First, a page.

BRICS summit signalled a more purposeful solidarity among emerging economies.
The scope of corporate social responsibility needs to be expanded.
A South Asian union based on trade could reduce the incentive for war in the region.
In my last article, ‘100 day challenge’ (IE, June 16), I suggested actions that could restore investor confidence and boost industrial and economic growth. Of course, economic growth is only an instrument for improving well being. For that, the government needs to take measures to provide electricity, clean water, fuel and air, effective and affordable healthcare, quality education and skills, connectivity through roads and internet and quick and inexpensive justice. Only when these are attained can the aspirations of the people for “achhe din” be considered fulfilled. It is a five- or 10-year agenda, but measures taken in the first 100 days can create confidence. Some are as follows:
One, initiate a National Jyotigram Yojana for 24/7 power supply. Power round the clock at stable voltage can stimulate productive activities in rural areas to generate employment. As the share of agricultural GDP has come down to around 15 per cent, substantial employment in rural areas needs to be generated in non-farm activities. Gujarat provided 24/7 electricity to its 18,000- plus villages in two and a half years. The UPA’s Rajiv Gandhi Grameen Vidyutikaran Yojana has yet to match that after 10 years. The government should ensure that, at least in BJP-run states, 24/7 power becomes a reality by December 2016. The advantage of 24/7 power goes to households, too. In Gujarat, some households with LPG cylinders prefer to use induction cookers because it is convenient and less expensive. Considering the need to provide clean cooking fuels to protect against the adverse impact of indoor air pollution resulting from cooking with fuelwood and dung cakes and the difficulty of delivering LPG to all households on a regular basis, this is an attractive option.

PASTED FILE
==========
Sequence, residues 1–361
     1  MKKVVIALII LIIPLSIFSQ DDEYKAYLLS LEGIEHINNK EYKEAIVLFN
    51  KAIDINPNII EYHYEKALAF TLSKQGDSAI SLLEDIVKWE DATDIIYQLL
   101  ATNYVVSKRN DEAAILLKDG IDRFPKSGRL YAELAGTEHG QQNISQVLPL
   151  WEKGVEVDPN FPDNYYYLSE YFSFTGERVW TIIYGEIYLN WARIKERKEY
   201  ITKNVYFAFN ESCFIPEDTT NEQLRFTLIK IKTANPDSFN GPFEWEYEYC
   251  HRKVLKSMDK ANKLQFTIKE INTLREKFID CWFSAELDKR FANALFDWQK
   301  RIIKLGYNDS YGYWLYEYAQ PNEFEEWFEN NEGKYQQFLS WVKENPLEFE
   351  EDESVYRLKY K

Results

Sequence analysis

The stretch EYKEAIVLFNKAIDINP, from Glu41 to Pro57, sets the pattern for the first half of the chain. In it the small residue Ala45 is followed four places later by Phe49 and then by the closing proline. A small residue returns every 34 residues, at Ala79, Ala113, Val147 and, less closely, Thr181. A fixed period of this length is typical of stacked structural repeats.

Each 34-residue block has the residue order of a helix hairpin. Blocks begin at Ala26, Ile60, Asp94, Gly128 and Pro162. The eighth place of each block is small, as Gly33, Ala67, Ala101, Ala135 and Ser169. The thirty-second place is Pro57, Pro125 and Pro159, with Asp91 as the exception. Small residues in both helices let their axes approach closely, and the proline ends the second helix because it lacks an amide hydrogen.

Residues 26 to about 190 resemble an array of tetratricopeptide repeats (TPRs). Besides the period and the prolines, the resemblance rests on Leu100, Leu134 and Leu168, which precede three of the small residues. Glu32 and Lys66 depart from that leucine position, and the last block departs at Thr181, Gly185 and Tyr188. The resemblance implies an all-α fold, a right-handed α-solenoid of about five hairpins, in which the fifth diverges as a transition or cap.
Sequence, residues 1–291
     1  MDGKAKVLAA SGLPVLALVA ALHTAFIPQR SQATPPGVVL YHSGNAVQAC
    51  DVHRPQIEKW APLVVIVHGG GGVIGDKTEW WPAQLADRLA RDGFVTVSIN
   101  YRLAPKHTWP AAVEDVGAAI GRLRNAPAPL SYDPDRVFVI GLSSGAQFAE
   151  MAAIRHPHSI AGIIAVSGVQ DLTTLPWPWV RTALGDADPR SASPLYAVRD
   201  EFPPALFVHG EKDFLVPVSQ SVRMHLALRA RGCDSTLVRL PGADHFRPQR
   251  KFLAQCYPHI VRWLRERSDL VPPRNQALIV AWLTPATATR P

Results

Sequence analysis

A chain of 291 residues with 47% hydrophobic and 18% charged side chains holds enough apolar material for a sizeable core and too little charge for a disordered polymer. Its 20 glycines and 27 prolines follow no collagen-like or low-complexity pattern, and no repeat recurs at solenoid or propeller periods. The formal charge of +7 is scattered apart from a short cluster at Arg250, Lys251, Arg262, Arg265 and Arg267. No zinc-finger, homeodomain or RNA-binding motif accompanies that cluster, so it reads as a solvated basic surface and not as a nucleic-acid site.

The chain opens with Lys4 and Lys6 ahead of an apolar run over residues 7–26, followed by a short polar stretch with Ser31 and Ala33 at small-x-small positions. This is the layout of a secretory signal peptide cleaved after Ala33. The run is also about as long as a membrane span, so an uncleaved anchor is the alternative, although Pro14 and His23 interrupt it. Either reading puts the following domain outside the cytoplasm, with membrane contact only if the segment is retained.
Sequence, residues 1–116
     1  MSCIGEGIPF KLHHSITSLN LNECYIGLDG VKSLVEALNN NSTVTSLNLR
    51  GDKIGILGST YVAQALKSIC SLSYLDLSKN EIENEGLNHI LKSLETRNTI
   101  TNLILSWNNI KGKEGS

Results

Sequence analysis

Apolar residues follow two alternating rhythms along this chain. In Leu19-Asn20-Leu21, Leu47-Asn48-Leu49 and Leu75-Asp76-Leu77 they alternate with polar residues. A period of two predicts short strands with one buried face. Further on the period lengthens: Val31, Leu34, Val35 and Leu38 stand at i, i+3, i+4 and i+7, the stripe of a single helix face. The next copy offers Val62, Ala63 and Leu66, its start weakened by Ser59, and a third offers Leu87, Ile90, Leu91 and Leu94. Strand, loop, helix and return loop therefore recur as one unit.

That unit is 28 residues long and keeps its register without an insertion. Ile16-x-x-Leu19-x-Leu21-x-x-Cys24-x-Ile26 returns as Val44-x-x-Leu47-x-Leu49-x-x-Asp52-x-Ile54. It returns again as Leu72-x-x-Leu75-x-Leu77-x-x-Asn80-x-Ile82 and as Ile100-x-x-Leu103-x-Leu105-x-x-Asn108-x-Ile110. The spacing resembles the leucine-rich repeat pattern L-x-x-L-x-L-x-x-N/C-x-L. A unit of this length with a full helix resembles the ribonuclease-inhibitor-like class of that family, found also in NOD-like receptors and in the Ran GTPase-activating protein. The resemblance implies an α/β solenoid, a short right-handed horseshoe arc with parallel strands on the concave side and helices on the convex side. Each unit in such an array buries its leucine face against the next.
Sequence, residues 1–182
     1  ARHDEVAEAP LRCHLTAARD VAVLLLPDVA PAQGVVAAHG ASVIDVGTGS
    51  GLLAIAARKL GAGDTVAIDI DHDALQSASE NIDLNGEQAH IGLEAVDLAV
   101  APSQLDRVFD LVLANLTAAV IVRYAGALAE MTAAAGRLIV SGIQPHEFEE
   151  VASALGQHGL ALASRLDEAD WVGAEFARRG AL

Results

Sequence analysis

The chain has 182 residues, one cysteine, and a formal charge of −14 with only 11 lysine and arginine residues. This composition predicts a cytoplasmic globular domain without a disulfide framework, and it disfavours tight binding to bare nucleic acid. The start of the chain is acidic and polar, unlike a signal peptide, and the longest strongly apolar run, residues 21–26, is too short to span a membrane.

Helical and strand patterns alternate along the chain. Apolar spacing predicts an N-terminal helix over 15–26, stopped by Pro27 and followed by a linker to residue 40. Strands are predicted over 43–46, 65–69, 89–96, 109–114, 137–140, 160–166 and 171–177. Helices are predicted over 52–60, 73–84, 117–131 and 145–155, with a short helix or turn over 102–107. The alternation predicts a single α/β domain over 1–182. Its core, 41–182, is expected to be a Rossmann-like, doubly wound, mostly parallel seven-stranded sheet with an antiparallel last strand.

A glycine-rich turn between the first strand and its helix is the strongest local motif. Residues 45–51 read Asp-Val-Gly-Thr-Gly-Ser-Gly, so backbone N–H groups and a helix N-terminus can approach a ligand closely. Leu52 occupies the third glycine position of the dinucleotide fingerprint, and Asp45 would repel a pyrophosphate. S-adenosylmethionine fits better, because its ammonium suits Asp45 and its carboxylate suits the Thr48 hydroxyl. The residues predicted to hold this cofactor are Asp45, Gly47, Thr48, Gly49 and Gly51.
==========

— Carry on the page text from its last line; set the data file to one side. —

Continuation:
Two, action must be taken to clean up the Ganga. Prime Minister Narendra Modi has promised to clean up the river. In 2008, I had reviewed the Ganga Action Plan launched in 1984 for the Supreme Court. After nearly 25 years, the Ganga is more polluted in terms of the coliform count. Many cities had sewage treatment plants of inadequate capacities because they were delayed and populations were larger than projected. Just about half the collected sewage was treated, and large sections of population were not connected to the sewerage system. Some were not properly maintained for want of funds.
If the Ganga, or any river, has to be cleaned up, these issues have to be taken care of. Ensure that everyone is connected to the sewerage system, that sewage treatment plants of adequate capacity, keeping in
mind likely population growth, are built in time, adequate resources are provided to operate and maintain them by imposing an appropriate sewage treatment charge, effluent standards are strictly enforced on all industrial units discharging effluents in the river, continued…